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Dancers head to the northern Plains

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BISMARCK, N.D. - Now that the Smithsonian National Museum of the American Indian's National Powwow is over, the dancers can look in the direction of Bismarck for one of the largest northern Great Plains gatherings.

The United Tribes International Powwow attracts dancers from across the country and internationally, especially this year, when the Kahurangi Maori Dance Theatre will perform during the weekend-long celebration.

Kahurangi means the ''Cloak of Life'' and is a full-time professional dance theater from New Zealand that demonstrates the Polynesian and Maori cultures through dance and music.

Kahurangi will perform for three days of the United Tribes International Powwow on the campus of United Tribes Technical College, set for Sept. 7 - 10.

The Maori dance group brings to life the ihi, or life force, with performances that focus on the Maori and Polynesian cultures to provide audiences with a better understanding of them.

Kahurangi has been in existence since 1983 and has performed around the world.

The United Tribes International Powwow puts a cultural and celebratory end to a week of meetings conducted by the United Tribes whose participants will deal with such weighty issues as law enforcement, government issues, state/tribal issues and probate reform.

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The United Tribes Leaders and Tribal Council Summit is in its 11th year and, for the second time, needs the space of the Bismarck Civic Center to accommodate all the attendees and trade show.

In conjunction with the tribal leader's summit, the tribal college forum will enter into its fourth year with a keynote address from Assistant Secretary for Indian Affairs Carl Artman.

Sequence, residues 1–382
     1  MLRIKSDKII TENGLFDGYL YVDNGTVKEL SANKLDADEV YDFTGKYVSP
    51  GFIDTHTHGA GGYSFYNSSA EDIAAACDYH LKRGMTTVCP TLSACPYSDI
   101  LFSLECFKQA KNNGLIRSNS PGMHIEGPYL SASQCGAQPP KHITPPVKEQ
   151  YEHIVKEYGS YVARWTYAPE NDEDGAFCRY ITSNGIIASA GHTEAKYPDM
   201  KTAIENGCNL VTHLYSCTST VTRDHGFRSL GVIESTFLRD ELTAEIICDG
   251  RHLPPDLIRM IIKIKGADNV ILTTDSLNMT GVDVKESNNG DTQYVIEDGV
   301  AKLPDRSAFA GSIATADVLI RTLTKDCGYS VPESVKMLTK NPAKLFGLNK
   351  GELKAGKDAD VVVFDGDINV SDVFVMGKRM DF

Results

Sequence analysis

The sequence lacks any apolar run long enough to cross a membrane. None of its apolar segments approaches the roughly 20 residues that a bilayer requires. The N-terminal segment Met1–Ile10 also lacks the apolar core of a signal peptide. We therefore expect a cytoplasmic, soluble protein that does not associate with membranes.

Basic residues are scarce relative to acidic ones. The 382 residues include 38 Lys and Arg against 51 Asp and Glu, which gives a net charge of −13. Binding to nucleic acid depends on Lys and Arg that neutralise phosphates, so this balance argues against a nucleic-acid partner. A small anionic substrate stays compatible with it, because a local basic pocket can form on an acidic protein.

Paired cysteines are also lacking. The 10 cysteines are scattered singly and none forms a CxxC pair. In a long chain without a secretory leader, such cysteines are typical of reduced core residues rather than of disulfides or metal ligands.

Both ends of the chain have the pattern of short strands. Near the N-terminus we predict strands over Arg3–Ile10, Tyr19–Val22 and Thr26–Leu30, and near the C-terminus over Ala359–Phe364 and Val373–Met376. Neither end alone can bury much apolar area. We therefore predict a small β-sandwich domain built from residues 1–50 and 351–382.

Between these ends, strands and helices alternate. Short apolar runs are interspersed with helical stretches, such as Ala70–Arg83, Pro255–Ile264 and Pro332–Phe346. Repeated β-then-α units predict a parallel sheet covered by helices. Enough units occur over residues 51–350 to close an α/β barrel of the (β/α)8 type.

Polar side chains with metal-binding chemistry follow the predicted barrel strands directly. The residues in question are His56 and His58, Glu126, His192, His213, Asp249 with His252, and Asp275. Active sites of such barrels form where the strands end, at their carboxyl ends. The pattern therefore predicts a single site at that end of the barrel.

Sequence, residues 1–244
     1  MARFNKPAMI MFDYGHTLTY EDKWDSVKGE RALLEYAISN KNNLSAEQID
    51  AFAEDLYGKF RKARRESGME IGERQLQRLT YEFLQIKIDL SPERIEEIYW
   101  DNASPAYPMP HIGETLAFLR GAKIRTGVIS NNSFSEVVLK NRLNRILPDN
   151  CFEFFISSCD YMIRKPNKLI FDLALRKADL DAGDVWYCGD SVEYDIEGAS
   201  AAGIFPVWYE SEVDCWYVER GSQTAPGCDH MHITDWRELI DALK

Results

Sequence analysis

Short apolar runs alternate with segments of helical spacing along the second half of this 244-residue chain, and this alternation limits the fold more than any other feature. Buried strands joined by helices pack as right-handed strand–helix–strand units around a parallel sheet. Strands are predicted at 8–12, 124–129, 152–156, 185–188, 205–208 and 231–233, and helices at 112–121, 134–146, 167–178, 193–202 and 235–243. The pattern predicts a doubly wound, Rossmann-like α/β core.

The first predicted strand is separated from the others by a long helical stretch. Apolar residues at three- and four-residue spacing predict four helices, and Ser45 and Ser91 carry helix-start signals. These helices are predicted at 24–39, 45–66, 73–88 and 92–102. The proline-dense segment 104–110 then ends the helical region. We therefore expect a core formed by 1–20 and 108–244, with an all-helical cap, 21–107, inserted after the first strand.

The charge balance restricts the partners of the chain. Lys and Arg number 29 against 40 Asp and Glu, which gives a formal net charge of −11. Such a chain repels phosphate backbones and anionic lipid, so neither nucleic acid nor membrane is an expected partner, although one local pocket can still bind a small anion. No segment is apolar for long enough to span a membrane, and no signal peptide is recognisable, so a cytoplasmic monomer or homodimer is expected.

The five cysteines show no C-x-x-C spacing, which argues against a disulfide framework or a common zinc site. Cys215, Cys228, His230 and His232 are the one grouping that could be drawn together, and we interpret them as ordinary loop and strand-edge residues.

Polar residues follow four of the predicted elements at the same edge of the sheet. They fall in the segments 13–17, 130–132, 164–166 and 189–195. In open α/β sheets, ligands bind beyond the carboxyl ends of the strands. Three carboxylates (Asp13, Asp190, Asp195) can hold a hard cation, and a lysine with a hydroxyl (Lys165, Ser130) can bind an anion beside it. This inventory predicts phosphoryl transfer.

A major portion of the college forum agenda will be climate change and how tribal governments, colleges and universities can get involved. Cultural knowledge of the environment is also on the agenda. Scientists from various disciplines will conduct workshops that deal with the balance of the environment due to climate change.

The tribal leaders' summit is scheduled for Sept. 4 - 6 and the tribal college forum will be held Sept. 5 - 7.

On the final day of the pow wow, Miss Indian Nations will be crowned. She will participate in various pow wows throughout the coming year. The present Miss Indian Nations, Ponka-We Victors, Tohono O'dham/Ponca, of Kansas, will crown the new Miss Indian Nations on Sept. 8.

Awards and scholarships are just part of the honor of being crowned Miss Indian Nations. The title gives the young woman a chance to be a cultural ambassador for all American Indian tribes.

Participants are judged on traditional skills, talent, public appearances and presentations, communication skill, speaking ability and personal conduct; and they have to answer several general and impromptu questions.